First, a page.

MORTGAGES; FORECLOSURE; PRIVATE FORECLOSURE; SALE; TIMING: Where mortgagor appeals a trial court’s refusal to set aside a deed of trust, and the note is in default, the “best practice” is to withhold conducting a foreclosure sale until the appeals process is complete, but the beneficiary’s action in first scheduling the sale and then repeatedly postponing it while the petition for appeal is pending is not such unreasonable conduct as to amount to a failure to mitigate damages against third parties whose liability depends on the returns from the sale.
Royal Thrift and Loan Co. v. County Escrow, Inc., 2004 WL 2326366 (Cal. App. 10/15/04)
The underlying facts of this case are set forth in the report of another element of the case reported under the heading: “Mortgages; Foreclosure; Validity.”
In this part of the case, three parties were held liable for damages for fraud based upon a forged mortgage (actually a deed of trust), but the court ruled that the mortgagor nevertheless was subject to the forged mortgage because the mortgagor ratified it. The trial court concluded that if the mortgagee carried out its nonjudicial foreclosure and successfully collected everything it was due, there would be no damages against the other three parties. (The court had dismissed the mortgagor’s claims against these parties.)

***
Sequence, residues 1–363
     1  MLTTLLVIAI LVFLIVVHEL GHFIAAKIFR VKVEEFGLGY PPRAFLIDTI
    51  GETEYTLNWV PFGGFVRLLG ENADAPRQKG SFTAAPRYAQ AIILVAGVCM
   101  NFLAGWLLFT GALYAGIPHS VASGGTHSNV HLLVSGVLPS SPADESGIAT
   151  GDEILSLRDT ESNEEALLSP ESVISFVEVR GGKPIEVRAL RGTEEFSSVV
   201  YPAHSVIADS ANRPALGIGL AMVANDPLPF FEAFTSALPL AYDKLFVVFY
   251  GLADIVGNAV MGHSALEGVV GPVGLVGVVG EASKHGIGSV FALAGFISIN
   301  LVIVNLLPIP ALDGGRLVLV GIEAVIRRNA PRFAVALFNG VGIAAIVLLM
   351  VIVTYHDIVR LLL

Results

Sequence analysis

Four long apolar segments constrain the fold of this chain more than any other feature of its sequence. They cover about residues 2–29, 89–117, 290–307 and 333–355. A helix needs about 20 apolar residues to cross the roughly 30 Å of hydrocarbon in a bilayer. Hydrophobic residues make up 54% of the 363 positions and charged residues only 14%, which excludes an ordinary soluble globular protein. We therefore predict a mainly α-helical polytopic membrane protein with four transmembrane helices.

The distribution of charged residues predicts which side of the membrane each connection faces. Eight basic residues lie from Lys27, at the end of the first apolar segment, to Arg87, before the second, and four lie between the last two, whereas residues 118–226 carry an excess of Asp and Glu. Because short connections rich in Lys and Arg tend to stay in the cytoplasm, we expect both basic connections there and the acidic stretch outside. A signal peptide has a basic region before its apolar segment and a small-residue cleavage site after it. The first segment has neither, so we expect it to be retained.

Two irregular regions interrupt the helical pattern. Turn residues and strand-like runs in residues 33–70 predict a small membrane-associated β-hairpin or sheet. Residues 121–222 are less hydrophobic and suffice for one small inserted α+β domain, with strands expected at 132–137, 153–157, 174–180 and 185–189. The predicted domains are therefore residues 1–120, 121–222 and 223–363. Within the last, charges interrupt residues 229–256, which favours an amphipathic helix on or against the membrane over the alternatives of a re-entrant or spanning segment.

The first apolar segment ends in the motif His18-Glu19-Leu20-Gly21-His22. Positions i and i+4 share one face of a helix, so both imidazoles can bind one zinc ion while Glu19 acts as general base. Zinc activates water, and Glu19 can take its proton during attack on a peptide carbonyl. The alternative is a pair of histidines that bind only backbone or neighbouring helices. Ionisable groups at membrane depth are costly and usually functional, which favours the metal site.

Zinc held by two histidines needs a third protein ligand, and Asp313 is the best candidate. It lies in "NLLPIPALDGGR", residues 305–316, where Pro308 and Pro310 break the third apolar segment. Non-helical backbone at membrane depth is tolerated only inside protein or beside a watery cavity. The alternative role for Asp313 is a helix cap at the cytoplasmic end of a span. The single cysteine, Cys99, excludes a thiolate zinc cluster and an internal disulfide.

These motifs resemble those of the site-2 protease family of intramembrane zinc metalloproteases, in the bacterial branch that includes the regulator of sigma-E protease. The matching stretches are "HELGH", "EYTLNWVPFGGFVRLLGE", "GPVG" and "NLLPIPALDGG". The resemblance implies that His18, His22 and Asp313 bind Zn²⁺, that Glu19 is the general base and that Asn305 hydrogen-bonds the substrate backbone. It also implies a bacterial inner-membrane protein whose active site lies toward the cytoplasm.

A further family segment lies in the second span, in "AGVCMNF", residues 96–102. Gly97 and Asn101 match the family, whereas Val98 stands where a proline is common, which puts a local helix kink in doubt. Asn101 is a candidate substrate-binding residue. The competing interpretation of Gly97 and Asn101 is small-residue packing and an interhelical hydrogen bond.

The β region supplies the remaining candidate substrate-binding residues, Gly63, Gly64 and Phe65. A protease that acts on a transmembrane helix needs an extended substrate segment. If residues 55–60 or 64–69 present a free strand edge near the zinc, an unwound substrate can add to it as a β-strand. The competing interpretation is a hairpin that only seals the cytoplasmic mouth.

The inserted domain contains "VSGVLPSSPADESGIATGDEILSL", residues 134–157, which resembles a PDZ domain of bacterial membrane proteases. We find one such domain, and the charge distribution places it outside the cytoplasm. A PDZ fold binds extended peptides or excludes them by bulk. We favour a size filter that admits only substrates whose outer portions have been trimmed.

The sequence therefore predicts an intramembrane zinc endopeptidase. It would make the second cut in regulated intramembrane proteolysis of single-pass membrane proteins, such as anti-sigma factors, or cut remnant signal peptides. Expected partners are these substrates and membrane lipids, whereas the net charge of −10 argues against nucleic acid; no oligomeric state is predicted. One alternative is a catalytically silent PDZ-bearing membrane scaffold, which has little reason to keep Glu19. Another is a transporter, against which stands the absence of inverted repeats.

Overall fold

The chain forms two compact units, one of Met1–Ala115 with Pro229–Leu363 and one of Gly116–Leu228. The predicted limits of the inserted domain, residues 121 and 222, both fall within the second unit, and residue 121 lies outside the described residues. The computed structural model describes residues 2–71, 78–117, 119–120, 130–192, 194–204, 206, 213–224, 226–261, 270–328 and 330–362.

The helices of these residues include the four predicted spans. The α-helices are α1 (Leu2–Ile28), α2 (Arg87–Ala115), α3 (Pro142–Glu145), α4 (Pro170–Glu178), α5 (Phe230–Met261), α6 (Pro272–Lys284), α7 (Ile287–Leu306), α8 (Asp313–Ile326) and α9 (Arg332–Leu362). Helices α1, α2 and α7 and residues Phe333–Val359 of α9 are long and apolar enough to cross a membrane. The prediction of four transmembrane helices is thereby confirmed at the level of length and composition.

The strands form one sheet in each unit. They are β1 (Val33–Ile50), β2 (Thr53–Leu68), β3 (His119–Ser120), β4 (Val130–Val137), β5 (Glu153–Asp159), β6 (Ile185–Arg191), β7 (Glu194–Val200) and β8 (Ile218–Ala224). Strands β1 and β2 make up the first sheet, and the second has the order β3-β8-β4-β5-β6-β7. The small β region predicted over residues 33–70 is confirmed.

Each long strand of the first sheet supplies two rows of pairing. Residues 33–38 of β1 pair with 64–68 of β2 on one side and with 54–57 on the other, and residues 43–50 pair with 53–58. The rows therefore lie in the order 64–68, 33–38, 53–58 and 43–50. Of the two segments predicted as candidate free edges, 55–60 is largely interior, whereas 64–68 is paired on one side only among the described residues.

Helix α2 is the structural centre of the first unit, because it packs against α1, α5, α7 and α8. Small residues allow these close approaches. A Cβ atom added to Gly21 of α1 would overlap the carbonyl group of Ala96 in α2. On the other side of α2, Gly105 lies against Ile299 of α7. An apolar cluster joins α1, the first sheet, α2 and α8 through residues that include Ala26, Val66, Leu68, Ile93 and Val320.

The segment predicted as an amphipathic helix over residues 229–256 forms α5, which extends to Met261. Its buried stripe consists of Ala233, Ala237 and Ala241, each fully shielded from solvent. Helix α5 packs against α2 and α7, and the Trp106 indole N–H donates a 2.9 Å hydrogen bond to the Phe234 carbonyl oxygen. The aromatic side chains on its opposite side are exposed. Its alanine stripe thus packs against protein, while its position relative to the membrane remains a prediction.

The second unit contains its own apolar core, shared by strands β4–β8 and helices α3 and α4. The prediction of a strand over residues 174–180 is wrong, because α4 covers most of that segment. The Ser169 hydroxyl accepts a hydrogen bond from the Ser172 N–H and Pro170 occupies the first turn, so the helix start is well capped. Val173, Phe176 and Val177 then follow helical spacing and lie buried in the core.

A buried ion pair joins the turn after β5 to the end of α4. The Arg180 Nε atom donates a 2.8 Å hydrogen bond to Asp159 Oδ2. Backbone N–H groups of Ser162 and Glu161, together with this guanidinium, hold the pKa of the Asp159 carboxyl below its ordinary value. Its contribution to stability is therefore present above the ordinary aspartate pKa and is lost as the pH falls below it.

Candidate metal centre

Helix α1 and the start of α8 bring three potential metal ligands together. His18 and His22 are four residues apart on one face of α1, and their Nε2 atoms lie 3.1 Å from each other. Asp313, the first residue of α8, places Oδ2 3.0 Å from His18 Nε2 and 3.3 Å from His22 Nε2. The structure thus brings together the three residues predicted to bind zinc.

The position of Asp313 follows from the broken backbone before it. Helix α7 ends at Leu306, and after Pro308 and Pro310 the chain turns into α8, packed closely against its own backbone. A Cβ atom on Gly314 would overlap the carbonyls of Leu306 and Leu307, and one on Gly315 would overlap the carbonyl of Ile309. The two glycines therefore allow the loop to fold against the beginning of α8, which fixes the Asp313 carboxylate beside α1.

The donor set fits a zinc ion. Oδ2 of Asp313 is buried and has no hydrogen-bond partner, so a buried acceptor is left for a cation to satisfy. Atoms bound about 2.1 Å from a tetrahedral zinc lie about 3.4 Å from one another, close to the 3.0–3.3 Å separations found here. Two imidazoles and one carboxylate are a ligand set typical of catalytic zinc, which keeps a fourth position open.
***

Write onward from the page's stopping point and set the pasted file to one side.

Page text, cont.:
All parties found liable appealed. The appeals court dismissed the appeals of the non-mortgagor parties on the grounds that the appeals were premature as the trial court had retained jurisdiction to render a final judgment following the nonjudicial foreclosure. The appeals court, however, affirmed the trial court’s conclusion that the mortgagor had ratified the mortgage.
Upon receiving notice that the appeals court had upheld its mortgage, the mortgagee (beneficiary under the deed of trust) proceeded to schedule its nonjudicial foreclosure sale. Soon thereafter, however, it received word that the mortgagor had appealed to the California Supreme Court.
Rather than cancelling the sale completely, the beneficiary elected to instruct the trustee to postpone the sale for a brief period until the Supreme Court ruled on the petition for appeal. It notified those attending the sale (including several outside bidders) of the circumstances causing the postponement. Thereafter, it postponed the sale two more times based upon the pendency of the appeal, and once more after that upon agreement with the mortgagor. The process, in all, was continually postponed from November 13, 2001 until January 31, 2002. When the sale occurred, there still were two other bidders present, although there had been more at the initial sale. One of these bidders decided not to be because of all the procedural uncertainty, and the other eventually dropped out of the bidding, leaving the mortgagee to purchase the property at a price that left a $63,000 uncollected claim against the three non-mortgagor defendants (California has a bar on deficiency judg!
against mortgagors following nonjudicial foreclosures).